Saturday, April 4, 2009

Keeping On Top of the Literature

With more journals accessible than ever before, drinking from the stream of knowledge is more like chugging from the fire hydrant of information. Jerry Harris lists over 300 journals that publish vertebrate paleontology-relevant content. . .and the number is increasing all the time! With papers ranging from the obscure to the earth-shaking, it's both an overwhelming and important task to keep on top of the literature.

Fortunately, the same resources that create this flood of information also offer some life rafts to stay afloat. In this post, I'll cover a few tips, tricks, and tools that I use to stay "in the know" on paleontology.
  • Journal Subscriptions. If you're a paleontologist (avocational, professional, or otherwise) or paleontological enthusiast, you should be subscribing to one or two of the major journals in the field as part of your professional memberships (e.g., Society of Vertebrate Paleontology, Palaeontological Association, Paleontological Society). These will get you the earliest and easiest access to many of the most important articles in the field. Warning: Rant Ahead! Look - if you're seriously interested in paleontology, you need to join one of these societies. Not only do you get to support organizations that are doing good things in the name of paleontology, but you get journal access (print and/or online) as part of the package deal. And, they're really, truly not that expensive. I was a poor student once myself (and am still not what would be considered rich), but let's get real, folks. A student membership for SVP costs only $70 a year. Yes, I know that's real money. . .but it's also not much more than that copy of Halo 3 that you bought, or that history textbook you'll never read, that cable TV subscription you don't need, or the amount you spent on beer (or bottled water, or soda, or coffee, or energy drinks, or whatever your overpriced beverage of choice is) last month. An associate membership in SVP is but $50 (online access to the journal only, but a viable option for those folks who aren't students and/or don't think they will attend one of the annual meetings), and full membership is $140. Seriously - in most cases (and I recognize that there are some exceptions based on personal circumstances - you folks know who you are), there are no excuses for not joining at least one professional society. Start saving your pennies now, because it's an investment in your future as a paleontologist. (ok, my rant is over)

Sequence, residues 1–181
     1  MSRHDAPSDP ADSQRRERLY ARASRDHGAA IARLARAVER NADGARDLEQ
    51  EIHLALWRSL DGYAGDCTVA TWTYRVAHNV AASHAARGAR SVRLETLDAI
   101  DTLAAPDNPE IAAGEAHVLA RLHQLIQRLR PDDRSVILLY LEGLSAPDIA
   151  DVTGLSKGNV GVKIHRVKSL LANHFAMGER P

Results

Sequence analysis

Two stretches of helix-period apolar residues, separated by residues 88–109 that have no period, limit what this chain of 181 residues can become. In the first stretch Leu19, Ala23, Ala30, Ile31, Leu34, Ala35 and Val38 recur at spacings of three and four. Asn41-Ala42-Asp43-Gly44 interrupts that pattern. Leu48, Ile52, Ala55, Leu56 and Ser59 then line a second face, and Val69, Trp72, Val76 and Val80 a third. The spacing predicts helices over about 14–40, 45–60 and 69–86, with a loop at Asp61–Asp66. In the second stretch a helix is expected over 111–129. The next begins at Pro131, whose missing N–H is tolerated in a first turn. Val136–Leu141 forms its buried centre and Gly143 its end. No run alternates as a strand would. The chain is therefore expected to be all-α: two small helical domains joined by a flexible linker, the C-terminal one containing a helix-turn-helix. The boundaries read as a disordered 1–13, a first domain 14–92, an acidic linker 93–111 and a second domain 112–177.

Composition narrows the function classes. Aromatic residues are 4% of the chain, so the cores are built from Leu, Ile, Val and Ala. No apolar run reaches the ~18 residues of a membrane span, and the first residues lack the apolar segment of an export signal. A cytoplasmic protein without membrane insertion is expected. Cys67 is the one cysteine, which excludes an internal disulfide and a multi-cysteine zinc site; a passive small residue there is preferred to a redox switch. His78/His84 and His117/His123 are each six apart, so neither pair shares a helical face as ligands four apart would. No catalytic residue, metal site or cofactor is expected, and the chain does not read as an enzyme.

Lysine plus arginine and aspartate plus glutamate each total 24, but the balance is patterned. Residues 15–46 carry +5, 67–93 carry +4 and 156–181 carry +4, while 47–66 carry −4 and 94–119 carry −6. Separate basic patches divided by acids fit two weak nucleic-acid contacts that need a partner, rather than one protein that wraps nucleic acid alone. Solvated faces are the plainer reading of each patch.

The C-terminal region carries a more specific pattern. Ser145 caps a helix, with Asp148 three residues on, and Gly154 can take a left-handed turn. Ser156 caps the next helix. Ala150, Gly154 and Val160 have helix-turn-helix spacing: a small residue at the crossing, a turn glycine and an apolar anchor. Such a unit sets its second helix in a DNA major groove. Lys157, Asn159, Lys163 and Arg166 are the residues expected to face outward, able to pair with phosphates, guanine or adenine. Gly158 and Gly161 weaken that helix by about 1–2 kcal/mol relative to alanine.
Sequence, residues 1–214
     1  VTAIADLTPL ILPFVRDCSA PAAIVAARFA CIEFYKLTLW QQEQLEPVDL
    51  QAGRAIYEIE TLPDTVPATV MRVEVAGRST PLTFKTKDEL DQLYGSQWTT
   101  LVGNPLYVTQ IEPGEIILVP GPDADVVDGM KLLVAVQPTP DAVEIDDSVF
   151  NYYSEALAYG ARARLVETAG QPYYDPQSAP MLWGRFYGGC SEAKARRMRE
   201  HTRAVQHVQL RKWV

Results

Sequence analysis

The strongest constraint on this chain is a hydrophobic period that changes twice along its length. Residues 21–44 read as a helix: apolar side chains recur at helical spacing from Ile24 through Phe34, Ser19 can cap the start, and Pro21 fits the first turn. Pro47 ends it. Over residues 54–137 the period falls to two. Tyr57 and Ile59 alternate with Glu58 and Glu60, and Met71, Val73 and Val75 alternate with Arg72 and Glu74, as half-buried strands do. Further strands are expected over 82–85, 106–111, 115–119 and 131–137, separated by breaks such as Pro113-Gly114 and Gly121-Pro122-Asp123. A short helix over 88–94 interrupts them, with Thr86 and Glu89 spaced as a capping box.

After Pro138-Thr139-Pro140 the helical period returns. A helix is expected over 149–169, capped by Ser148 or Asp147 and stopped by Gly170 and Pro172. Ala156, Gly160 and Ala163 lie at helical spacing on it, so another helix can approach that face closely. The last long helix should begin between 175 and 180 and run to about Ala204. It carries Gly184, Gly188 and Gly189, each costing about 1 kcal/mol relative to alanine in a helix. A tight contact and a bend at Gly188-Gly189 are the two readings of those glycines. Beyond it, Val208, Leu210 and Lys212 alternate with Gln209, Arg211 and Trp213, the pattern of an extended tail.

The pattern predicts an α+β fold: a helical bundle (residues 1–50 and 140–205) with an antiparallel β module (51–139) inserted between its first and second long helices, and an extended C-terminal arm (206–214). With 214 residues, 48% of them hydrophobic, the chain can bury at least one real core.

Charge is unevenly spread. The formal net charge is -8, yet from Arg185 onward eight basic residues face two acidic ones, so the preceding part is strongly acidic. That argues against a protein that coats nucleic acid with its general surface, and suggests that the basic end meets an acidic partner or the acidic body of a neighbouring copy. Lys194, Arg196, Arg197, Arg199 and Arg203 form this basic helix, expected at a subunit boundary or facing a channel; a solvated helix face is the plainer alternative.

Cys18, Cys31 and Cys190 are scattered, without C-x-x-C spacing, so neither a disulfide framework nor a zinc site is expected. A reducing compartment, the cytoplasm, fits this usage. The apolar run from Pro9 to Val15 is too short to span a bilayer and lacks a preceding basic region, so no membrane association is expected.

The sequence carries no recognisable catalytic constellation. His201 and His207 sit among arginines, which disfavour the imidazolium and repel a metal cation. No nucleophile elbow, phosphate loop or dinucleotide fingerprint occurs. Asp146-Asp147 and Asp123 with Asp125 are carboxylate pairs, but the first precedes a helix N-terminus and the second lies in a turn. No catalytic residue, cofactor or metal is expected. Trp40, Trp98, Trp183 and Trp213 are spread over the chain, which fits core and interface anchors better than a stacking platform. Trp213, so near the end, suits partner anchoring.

• Paleontology Mailing Lists. One of the few (in my opinion) remaining uses for the Dinosaur Mailing List is publication alerts posted by some generous members (in particular, Jerry Harris). These alerts often scrape together valuable papers from obscure or hard-to-find journals. The downside with subscribing is that you also get a blizzard of emails on how T. rex could best a pack of Spinosaurus, PDF requests, and the inevitable "that species name isn't spelled correctly" postings.
  • Journal Web Pages. Most journals (at least, journals worth their salt) have web pages with listings of current content. So, you can always just browse on over, and see what this month's articles bring. Of course, this gets really old if there are more than about three journals to keep track of, and it's easy to forget. So, how about trying. . .
  • Journal RSS Feeds. Some journals, such as Palaeontology, have RSS feeds available. These can be really handy, but again overwhelming if you really want to check on a whole host of journals. So, this brings us to. . .
  • Journal Content Alerts. This is my personal favorite method for keeping updated on the latest and greatest papers. Many publishers and journal bundlers (including Wiley, Evilsevier, BioOne, PLoS, and others) allow you to sign up for free content alerts. So, when a new issue is published, you get a little email with a listing of every article in there. It's kinda like the old-fashioned technique of going to the journal stacks and thumbing through all of the recent issues, except you can do it in your pajamas without funny looks from librarians. As an added bonus, you often can set up searches for alerts whenever a topic of interest, like "dinosaur," shows up in any journal across the publisher's collection. This sometimes results in irrelevant papers (childhood education articles come up frequently), but it also might get you interesting hits from journals that you might not follow otherwise (e.g., respiratory physiology). I've set up a dedicated email account (thanks, Gmail!) just for this purpose.
So, it's easier than ever to be up-to-date on happenings in the journals. And, it isn't always impossible to get copies of these papers, either. The better you know the literature, the better your research will be!


Zachary Miller said...

I've been putting off a subscription to JVP because I find it difficult to justify the price tag (I'm not a student) for a quarterly journal. However, the trip to this year's SVP isn't as hopeless as I'd once thought, so if and when I sign back up, I may as well join the society and get the journal.

When I signed up last year, it was the "one time only" thing.

Anonymous said...

Thanks for the tips, Andy! I, personally, needed those, but with my busy schedule, I wouldn't have time to read them.